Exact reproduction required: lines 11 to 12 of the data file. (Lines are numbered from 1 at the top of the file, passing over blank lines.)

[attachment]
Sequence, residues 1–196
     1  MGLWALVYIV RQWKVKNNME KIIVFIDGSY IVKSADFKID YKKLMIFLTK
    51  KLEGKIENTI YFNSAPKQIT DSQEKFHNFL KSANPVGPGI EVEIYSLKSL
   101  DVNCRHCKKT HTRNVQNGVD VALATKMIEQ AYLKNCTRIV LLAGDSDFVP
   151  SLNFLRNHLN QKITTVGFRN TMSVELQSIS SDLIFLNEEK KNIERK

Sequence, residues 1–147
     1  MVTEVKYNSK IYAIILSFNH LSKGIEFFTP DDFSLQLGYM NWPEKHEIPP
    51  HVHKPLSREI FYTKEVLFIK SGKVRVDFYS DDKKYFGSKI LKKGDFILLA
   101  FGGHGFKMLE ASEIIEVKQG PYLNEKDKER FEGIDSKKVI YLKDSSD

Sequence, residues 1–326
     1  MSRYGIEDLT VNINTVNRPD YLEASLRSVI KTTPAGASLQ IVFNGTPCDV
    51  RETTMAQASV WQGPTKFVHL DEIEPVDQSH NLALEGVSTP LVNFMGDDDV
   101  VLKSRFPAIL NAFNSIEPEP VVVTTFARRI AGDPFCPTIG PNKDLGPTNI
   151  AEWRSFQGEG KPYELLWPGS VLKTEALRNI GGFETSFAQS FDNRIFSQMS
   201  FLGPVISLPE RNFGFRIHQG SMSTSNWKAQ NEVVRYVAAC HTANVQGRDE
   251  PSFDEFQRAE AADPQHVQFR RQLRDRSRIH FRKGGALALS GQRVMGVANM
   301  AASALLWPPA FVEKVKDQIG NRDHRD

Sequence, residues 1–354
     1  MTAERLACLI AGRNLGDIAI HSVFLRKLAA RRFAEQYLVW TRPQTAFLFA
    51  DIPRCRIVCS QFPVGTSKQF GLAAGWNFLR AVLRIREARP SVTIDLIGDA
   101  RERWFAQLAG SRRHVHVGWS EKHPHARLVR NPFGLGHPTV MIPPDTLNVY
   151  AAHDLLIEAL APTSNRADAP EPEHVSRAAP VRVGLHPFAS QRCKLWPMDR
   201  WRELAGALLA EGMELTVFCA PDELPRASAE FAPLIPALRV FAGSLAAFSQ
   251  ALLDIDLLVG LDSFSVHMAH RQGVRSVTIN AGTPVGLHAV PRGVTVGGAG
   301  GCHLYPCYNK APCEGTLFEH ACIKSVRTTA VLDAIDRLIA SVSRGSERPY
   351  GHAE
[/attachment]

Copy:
     1  MSRYGIEDLT VNINTVNRPD YLEASLRSVI KTTPAGASLQ IVFNGTPCDV
    51  RETTMAQASV WQGPTKFVHL DEIEPVDQSH NLALEGVSTP LVNFMGDDDV